1. I cannot agree with the view taken by both Courts below that a servant of the Imperial Bank of India holds his office at pleasure and is liable to be dismissed without notice.
2. The view is based on Chellam Aiyar v. Corporation of Madras (1917) 6 L.W. 284, in which case provisions similar to Section 50 of Schedule II of the Imperial Bank of India Act were considered and interpreted in that light.
3. The decision along with others has been fully considered. In Venkateswara Aiyar v. S.M.S. Devasthanam : (1935)69MLJ206 , which I take as my authority for the true position, servants of the Crown hold office during the pleasure of the Crown - not by virtue of any special prerogative of the Crown but because such are the terms of their engagement Shanton v. Smith (1895) A.C. 229. But servants even of a statutory body do not hold office at pleasure merely because the statute provides the body or person by whom they may be dismissed. It is not right to assume that the power of dismissal is a power of summary dismissal.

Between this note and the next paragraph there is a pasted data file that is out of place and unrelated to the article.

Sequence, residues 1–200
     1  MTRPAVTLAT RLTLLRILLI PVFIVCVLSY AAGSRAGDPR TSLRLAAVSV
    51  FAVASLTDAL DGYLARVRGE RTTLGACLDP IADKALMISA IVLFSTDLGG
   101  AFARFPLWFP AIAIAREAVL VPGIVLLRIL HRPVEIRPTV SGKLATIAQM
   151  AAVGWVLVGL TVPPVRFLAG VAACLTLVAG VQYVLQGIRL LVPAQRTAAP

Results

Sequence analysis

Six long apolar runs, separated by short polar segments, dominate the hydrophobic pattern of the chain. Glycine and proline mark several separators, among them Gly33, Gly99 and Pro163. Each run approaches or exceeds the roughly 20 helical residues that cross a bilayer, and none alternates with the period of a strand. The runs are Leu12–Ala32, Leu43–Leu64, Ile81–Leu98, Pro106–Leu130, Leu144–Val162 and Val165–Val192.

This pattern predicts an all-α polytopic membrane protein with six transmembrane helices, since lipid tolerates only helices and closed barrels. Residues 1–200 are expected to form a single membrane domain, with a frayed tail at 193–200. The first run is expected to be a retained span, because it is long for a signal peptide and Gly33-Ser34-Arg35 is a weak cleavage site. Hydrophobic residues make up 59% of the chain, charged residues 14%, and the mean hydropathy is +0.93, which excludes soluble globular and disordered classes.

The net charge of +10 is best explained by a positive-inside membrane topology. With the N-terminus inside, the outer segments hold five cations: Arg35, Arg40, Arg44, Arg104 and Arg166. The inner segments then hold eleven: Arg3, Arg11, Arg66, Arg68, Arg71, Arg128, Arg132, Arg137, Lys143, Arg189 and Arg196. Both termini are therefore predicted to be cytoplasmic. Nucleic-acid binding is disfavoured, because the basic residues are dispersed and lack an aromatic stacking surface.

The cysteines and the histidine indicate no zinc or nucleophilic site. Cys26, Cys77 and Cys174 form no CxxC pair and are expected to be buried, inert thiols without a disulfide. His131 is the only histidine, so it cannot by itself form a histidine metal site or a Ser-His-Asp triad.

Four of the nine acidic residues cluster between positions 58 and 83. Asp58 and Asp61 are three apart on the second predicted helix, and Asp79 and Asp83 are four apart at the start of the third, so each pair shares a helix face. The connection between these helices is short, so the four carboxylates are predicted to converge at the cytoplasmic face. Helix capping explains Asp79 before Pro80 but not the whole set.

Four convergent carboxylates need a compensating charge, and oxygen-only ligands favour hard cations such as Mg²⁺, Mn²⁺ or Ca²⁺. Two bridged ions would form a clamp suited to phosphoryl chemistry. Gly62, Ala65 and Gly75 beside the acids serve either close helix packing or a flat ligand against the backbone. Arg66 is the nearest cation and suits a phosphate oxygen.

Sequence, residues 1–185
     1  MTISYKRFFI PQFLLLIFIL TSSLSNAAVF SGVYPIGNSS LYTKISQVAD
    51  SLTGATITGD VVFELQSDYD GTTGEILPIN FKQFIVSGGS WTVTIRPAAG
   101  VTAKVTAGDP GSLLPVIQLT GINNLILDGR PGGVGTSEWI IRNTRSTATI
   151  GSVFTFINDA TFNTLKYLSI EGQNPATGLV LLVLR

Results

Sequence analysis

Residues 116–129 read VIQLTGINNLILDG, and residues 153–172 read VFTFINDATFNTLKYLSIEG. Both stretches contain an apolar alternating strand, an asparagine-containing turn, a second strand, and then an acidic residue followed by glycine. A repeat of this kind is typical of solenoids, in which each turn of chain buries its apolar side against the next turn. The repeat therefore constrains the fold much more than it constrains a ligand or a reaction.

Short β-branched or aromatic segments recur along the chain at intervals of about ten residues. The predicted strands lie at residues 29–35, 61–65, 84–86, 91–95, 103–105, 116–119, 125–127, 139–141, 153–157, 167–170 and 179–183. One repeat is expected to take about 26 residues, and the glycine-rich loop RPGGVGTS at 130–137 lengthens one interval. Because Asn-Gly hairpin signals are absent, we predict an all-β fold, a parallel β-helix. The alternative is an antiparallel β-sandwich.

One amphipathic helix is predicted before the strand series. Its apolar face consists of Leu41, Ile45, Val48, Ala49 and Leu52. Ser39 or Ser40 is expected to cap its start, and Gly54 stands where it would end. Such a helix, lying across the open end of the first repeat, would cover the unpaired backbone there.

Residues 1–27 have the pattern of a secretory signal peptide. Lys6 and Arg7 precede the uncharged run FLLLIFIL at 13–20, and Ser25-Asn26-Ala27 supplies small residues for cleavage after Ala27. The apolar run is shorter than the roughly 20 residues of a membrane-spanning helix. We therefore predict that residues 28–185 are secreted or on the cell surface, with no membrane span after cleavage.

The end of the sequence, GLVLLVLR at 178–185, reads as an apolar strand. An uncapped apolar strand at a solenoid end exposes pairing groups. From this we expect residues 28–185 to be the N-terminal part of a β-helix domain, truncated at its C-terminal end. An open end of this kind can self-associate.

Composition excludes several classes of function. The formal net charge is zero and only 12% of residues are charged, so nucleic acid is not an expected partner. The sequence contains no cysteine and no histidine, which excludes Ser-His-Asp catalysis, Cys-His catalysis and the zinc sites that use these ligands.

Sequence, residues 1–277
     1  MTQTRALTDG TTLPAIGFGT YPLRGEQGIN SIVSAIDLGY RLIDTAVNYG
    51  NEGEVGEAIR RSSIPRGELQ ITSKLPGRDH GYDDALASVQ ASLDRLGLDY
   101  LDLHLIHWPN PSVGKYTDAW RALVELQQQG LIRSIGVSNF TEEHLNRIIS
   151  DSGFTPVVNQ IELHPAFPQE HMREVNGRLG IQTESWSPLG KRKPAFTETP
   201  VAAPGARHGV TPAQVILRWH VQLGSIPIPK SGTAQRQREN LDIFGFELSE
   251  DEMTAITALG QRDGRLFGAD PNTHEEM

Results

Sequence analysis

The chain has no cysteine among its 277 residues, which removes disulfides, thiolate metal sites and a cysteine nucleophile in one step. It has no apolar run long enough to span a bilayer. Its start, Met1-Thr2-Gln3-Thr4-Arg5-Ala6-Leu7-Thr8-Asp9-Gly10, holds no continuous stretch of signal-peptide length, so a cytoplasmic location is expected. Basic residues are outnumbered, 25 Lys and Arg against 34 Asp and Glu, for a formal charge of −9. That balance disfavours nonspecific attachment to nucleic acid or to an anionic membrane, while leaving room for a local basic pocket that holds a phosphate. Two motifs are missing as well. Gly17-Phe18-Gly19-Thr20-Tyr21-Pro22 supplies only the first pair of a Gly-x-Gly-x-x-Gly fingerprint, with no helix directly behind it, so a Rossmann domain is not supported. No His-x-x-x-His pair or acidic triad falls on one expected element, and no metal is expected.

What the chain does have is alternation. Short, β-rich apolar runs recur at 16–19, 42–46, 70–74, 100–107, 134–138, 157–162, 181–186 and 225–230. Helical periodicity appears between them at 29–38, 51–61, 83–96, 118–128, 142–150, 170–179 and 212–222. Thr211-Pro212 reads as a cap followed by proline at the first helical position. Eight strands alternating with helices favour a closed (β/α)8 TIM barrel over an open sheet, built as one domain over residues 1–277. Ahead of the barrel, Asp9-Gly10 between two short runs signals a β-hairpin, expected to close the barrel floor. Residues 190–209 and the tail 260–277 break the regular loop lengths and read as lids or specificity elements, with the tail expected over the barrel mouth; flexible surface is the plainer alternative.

4. Where no stipulation exists as to notice, a hired servant can be dismissed only on reasonable notice.
5. In my view this suit must be remanded (to the District Munsif, Guntur) for trial on Issues 1 and 2. Costs will abide the result. On Issue 4 I find that the Court has jurisdiction to entertain the suit. Court-fee paid on second appeal will be refunded.